People are being asked to keep away from lumps of palm oil washed up along the Sussex coast as it could be lethal to dogs.
The white waxy substance forms in lumps on the beach.
The problem is thought to have been caused by a ship discharging a large amount of the substance out at sea off Cornwall last month.
Although harmless to humans, it can be toxic to dogs if eaten by them, causing serious illness and, in some cases, death.
Gail McNeill, from Torquay, said: “My dog ate toxic Palm oil and needed emergency treatment to prevent poisoning.
“My dog was incredibly ill developing acute pancreatitis and almost died.
“It looks like small stones, has a biscuity texture, I almost mistook it for seabird droppings, smells slightly unpleasant and is very tasty to dogs.
The problem is nothing new in Sussex with several incidents of dogs being poisoned reported at Worthing and Shoreham last year.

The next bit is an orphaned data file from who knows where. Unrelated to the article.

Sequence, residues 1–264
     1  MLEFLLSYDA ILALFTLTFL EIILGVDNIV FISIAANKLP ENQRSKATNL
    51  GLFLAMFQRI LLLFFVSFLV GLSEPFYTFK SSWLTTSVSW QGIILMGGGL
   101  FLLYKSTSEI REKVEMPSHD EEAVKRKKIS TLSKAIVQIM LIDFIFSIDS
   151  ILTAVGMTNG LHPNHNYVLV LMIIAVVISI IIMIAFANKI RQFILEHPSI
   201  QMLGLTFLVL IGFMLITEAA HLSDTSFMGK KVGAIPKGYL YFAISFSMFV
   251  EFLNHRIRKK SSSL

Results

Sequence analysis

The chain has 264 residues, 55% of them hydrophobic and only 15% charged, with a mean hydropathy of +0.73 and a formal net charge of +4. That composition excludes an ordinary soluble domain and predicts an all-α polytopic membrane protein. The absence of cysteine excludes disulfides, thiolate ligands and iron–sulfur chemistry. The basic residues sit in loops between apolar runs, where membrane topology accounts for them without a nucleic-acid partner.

A Lancing dog walker had to rush his pet greyhound to the vet for emergency treatment after it ate some of the white, chalk-like fat.
Owner Andrew Rogers, recognised the substance immediately and sought veterinary help. His dog, Lily, was taken to a surgery in Hove where she was given medicine to help rid her system of the hazardous palm oil, which has been known to kill dogs in other parts of the country.
Mr Rogers said: “We were very worried. It certainly seems to be very attractive to dogs and Lily had eaten a fair quantity of it. We knew we had to act quickly.”
Vet Bronwen Eastwood advised dog owners to muzzle their pets while walking on the beach following stormy weather, or keep them on the lead.
She said: “If a dog does eat some unusual substance on the beach it should be taken directly to the vet, as a matter of urgency, with a sample of the substance.”
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